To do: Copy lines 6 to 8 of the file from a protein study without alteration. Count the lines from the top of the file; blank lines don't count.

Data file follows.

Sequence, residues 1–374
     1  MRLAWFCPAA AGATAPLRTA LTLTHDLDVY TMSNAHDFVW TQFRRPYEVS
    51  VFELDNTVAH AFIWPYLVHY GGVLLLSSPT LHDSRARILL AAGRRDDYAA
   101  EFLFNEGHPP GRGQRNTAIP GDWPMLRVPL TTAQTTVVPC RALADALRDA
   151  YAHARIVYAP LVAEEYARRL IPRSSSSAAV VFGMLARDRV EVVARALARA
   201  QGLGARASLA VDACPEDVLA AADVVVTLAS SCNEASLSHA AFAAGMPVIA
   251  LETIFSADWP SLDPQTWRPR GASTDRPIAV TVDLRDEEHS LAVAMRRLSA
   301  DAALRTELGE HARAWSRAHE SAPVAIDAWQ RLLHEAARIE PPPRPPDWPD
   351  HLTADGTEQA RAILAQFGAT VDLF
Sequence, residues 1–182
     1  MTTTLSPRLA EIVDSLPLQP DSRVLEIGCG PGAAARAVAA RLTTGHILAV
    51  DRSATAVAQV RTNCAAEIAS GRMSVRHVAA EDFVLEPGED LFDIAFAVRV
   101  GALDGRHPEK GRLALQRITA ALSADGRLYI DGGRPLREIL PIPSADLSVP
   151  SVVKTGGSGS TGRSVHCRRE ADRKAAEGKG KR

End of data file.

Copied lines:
   201  QGLGARASLA VDACPEDVLA AADVVVTLAS SCNEASLSHA AFAAGMPVIA
   251  LETIFSADWP SLDPQTWRPR GASTDRPIAV TVDLRDEEHS LAVAMRRLSA
   301  DAALRTELGE HARAWSRAHE SAPVAIDAWQ RLLHEAARIE PPPRPPDWPD